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Carbidopa / levodopa Pregnancy and Breastfeeding Warnings

Carbidopa / levodopa is also known as: Atamet, Duopa, Parcopa, Rytary, Sinemet, Sinemet CR

Carbidopa / levodopa Pregnancy Warnings

Animal studies have shown visceral and skeletal malformations in rabbits in doses ranging from 10 to 20 times the human dose and a decrease in the number of live pups delivered by rats receiving up to 2 and 5 times the maximum recommended human dose of carbidopa and levodopa respectively, during organogenesis. Levodopa appears to cross the human placental barrier, enter the fetus and be metabolized; carbidopa concentrations in fetal tissue appear to be minimal. There are no adequate or well controlled studies in pregnant women. AU TGA pregnancy category B3: Drugs which have been taken by only a limited number of pregnant women and women of childbearing age, without an increase in the frequency of malformation or other direct or indirect harmful effects on the human fetus having been observed. Studies in animals have shown evidence of an increased occurrence of fetal damage, the significance of which is considered uncertain in humans. US FDA pregnancy category C: Animal reproduction studies have shown an adverse effect on the fetus and there are no adequate and well-controlled studies in humans, but potential benefits may warrant use of the drug in pregnant women despite potential risks.

This drug should not be used during pregnancy unless the benefit outweighs the risk to the fetus. AU TGA pregnancy category: B3 US FDA pregnancy category: C Comments: Women of childbearing potential should discuss use of contraception with their health care provider.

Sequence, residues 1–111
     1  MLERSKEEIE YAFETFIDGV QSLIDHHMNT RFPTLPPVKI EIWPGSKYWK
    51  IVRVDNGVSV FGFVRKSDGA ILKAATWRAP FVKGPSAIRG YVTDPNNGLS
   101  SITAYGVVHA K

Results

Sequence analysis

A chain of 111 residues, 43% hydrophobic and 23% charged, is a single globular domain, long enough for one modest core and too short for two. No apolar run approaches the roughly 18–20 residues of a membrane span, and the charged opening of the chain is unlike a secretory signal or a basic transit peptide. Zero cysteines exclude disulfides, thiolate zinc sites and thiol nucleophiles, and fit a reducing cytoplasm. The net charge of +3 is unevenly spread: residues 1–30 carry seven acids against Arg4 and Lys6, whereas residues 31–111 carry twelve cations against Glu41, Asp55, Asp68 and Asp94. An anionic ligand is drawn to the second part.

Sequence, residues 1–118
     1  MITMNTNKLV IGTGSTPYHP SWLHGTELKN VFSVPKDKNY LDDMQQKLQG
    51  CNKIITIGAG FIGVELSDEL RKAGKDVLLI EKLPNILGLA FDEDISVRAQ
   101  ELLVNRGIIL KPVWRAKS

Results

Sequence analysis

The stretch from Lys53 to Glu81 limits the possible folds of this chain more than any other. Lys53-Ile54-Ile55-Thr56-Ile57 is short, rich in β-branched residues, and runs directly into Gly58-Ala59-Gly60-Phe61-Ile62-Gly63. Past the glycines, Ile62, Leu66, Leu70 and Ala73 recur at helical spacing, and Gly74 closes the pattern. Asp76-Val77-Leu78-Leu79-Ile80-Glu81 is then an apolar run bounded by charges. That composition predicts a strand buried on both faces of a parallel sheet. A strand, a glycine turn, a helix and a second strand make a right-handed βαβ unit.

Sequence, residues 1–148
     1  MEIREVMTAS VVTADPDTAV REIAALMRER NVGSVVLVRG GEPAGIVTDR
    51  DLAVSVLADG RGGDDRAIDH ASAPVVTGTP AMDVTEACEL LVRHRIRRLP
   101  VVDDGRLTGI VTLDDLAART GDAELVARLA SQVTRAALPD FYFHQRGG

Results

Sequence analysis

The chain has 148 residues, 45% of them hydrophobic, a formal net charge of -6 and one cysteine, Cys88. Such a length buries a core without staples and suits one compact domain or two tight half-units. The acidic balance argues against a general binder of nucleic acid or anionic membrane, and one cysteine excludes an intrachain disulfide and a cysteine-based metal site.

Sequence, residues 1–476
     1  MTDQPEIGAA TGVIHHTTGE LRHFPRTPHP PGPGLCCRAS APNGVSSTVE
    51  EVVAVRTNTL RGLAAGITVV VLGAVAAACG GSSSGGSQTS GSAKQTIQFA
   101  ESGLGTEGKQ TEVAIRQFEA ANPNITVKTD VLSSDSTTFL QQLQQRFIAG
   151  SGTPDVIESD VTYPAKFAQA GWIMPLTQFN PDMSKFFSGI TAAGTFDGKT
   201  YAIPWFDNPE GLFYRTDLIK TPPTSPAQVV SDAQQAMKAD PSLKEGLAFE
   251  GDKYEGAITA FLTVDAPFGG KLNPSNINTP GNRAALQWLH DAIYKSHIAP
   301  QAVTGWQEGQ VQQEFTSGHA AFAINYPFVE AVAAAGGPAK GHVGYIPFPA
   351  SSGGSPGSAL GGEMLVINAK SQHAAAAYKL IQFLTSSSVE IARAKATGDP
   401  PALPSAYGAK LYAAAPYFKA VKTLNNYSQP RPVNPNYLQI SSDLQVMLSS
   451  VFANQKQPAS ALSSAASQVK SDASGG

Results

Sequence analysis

Carbidopa / levodopa Breastfeeding Warnings

A decision should be made to discontinue breastfeeding or discontinue the drug, taking into account the importance of the drug to the mother. Excreted into human milk: Yes (carbidopa); Yes (levodopa) Comments: This drug in relatively low doses was used without apparent harmful effects in the nursing infant by 1 mother with Parkinson's disease; limited data indicate this drug is poorly excreted into breast milk.

Limited data suggest levodopa is poorly excreted into breast milk; the sustained-release product appears to transfer in smaller amounts than the immediate-release product. In a single mother with Parkinson's disease receiving sustained-release carbidopa 50 mg-levodopa 200 mg 4 times daily, peak breast milk levodopa concentrations measured at 4.5 months postpartum were 315 mg/L. Following a single dose of immediate-release carbidopa 50 mg-levodopa 200 mg, a peak concentration of 683 mcg/L was obtained. This data suggests an infant would receive 0.3% or 0.5% of the maternal weight-adjusted dose with the sustained release or the immediate-release product, respectively. Levodopa decreases serum prolactin; the prolactin level in a mother with established lactation may not affect her ability to breastfeed.

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